Yesterday afternoon, Texas federal District Judge Amos Mazzant preliminarily enjoined the U.S. Labor Department from "implementing or enforcing" the salary-related changes in the federal Fair Labor Standards Act's "white collar" exemptions that were supposed to take effect on December 1. His decision was made in response to an emergency motion by the 21 states that had filed suit seeking to invalidate the Labor Department's actions.
According to Judge Mazzant, the Labor Department's new regulations are inconsistent with what Congress intended for these exemptions. He also determined that, while Congress gave the Labor Department the power to define them, the agency had exceeded that authority in over-emphasizing the salary-basis test.
The judge felt that an emergency injunction was necessary in order to ensure that he could reach a meaningful final decision on the merits of the case.
A similar Texas lawsuit brought by a number of business groups and employer advocates has been consolidated with the states' case. Judge Mazzant ruled in the states' lawsuit only, but he extended his order nationwide and did not say that the injunction was limited to the states alone.
It appears that, absent a subsequent, contrary decision by Judge Mazzant or a reversal by a higher court between now and December 1, for now the Labor Department's new regulations will not go into effect as scheduled, at least with respect to:
◊ Increasing the minimum salary threshold from $455 per week to $913 per week,
◊ The so-called 10% "credit", and
◊ The tri-annual salary "update".
It appears that the increase in the highly-compensated employee exemption's total annual compensation threshold from $100,000 to $134,004 might not have been blocked. The order provides that "the Department's Final Rule described at 81 Fed. Reg. 32,391 is hereby enjoined", but then states, "Specifically, [USDOL is] enjoined from implementing and enforcing the following regulations as amended by 81 Fed. Reg. 32,391", followed by a list of affected sections that does not include the highly-compensated variety of the exemptions found at 29 C.F.R. § 541.601.
A Measured Response Is Critical
Employers must be mindful that:
◊ This is not the judge's final ruling, and he has ruled only in the case brought by the 21 states;
◊ The current Labor Department can be expected to appeal as quickly, as often, and to as many forums as it possibly can;
◊ If the employer-favorable decision is reversed, it is at least possible that a court will later rule that the original December 1 implementation date was indeed effective (as at least one court did in connection with the revised 2015 "companionship"-exemption regulations); and
◊ Changing course now could result in one's having to change back in the future.
Alternatives ─ Not Certainty
The fact is that the future is clouded by so many potential scenarios that few if any indisputably "right" or "wrong" courses of action exist. Moreover, a one-size-fits-all approach is unwise; what an employer should do must take into account its own, unique circumstances and concerns.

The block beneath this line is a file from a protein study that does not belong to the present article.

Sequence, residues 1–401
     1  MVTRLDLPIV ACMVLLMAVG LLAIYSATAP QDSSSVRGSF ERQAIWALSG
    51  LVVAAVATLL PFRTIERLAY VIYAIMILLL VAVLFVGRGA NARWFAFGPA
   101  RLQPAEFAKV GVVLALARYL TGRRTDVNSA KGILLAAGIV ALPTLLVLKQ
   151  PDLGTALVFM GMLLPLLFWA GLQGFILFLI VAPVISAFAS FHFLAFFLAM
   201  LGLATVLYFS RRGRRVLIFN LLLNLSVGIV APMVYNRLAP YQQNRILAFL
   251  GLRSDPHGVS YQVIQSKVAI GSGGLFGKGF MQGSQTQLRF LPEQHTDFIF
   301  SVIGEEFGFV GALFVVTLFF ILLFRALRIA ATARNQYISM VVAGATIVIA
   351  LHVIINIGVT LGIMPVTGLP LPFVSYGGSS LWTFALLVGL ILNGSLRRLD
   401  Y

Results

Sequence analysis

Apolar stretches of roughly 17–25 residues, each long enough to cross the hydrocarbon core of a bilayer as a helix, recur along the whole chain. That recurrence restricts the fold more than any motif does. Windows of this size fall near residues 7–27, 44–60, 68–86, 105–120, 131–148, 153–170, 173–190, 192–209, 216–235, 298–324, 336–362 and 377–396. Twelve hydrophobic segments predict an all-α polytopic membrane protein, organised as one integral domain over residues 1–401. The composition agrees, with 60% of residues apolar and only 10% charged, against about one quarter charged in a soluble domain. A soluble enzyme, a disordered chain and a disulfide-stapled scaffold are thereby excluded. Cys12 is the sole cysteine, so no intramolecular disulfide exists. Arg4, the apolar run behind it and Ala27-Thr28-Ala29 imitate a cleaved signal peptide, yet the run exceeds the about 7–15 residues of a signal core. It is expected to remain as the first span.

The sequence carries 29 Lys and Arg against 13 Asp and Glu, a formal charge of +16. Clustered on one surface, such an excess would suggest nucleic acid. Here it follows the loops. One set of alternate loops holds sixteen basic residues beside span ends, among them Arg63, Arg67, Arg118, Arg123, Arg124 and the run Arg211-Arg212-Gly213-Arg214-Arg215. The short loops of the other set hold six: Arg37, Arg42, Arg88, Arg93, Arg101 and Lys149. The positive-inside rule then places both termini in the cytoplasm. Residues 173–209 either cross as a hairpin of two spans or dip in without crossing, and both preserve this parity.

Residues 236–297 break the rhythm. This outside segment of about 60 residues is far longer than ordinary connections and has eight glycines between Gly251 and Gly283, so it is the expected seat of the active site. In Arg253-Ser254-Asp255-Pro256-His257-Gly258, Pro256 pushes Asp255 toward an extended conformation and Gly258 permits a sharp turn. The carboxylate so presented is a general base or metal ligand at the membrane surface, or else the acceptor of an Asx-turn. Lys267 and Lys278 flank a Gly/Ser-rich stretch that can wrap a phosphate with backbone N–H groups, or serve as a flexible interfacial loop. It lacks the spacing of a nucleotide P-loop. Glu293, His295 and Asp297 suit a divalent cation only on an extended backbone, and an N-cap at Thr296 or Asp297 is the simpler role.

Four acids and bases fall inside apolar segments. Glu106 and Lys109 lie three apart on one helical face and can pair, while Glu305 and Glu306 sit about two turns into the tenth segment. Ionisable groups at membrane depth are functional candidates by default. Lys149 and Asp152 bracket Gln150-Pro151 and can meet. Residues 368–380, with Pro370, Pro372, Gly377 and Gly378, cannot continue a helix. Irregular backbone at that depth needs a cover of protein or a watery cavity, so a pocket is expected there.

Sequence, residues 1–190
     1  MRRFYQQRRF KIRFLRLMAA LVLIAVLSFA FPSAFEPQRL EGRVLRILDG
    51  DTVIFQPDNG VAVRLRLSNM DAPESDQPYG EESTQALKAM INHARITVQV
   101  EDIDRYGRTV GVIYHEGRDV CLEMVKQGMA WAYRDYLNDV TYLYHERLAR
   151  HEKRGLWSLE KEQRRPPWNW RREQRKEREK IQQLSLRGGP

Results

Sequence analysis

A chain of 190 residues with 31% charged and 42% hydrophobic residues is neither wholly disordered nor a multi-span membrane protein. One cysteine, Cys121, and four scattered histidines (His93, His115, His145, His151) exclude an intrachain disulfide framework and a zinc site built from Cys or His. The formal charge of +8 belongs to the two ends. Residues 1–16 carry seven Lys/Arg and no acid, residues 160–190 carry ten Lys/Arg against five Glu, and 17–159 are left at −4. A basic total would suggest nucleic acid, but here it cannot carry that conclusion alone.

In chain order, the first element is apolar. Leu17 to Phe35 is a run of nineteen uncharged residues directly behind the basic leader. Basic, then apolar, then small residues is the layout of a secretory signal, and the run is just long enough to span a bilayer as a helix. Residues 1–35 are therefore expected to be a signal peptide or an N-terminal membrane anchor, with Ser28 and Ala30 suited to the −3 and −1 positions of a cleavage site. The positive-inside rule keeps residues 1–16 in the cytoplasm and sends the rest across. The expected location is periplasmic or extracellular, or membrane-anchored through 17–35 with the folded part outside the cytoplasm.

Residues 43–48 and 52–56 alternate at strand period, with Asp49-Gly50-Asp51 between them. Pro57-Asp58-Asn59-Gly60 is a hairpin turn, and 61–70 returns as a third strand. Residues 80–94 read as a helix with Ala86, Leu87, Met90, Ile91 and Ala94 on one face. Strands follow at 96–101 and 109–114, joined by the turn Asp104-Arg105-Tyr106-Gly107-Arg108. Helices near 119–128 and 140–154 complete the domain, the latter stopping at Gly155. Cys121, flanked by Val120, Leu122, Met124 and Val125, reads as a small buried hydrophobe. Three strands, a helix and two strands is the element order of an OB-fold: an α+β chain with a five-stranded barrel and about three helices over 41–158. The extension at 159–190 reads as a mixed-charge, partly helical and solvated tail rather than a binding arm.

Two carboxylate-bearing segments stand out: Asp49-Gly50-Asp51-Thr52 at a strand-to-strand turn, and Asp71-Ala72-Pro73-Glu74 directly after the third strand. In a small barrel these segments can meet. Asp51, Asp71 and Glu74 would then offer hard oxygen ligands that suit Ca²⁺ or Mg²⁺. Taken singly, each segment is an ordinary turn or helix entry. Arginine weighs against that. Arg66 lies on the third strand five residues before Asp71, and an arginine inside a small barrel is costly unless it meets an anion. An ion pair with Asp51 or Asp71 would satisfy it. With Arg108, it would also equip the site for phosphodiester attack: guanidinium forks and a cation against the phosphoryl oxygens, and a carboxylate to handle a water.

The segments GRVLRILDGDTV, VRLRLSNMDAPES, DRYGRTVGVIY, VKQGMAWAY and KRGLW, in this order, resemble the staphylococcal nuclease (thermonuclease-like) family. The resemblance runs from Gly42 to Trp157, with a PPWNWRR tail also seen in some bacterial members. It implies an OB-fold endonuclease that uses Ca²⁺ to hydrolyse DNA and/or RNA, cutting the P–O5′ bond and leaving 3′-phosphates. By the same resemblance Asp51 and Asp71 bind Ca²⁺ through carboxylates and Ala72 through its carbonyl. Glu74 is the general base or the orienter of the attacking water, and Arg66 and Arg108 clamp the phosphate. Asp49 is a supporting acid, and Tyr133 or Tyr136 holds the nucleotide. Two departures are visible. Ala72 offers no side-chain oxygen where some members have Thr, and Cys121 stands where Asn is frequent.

If you have already altered your compensation plans or revised your employees' exemption status, there might well be adverse employee-relations implications if you reverse course now. Furthermore, reversing action already taken could implicate notice requirements, wage-payment laws, and even the contract-law principles (or other common-law doctrines) of other jurisdictions. One alternative would be to take no further action until a final decision is reached in the courts, or to see what Congress and/or the incoming administration do (if anything). And in this respect, keep in mind the belief among many (including some in Congress) that the $455-a-week figure should be increased. Even many who oppose the current changes see the question as being by how much and how quickly the threshold should increase.
If you had been waiting until December 1 to announce and implement changes and so decide to stand-pat for the moment, remember that Tuesday's ruling might not be the last word, and that a later reversal of the preliminary injunction might restore the December 1 effective date. If you had already communicated an intention to take particular steps that have not yet been implemented, then, again, you must weigh the advantages and disadvantages (including the employee-relations impact), and potential legal ramifications of electing to follow-through versus announcing that you will hold-off for the moment.
The Bottom Line
Whatever you do, tailored, well-considered communications to the workforce will of course be indispensable. For example, if the situation calls for it, one component might be a message to the effect that management will monitor developments and will decide what to do after the legal landscape has cleared.
But no such communications can be fully effective until you first decide how to respond to what is at the moment a somewhat-chaotic legal environment. And in making that decision, care and reflection are essential.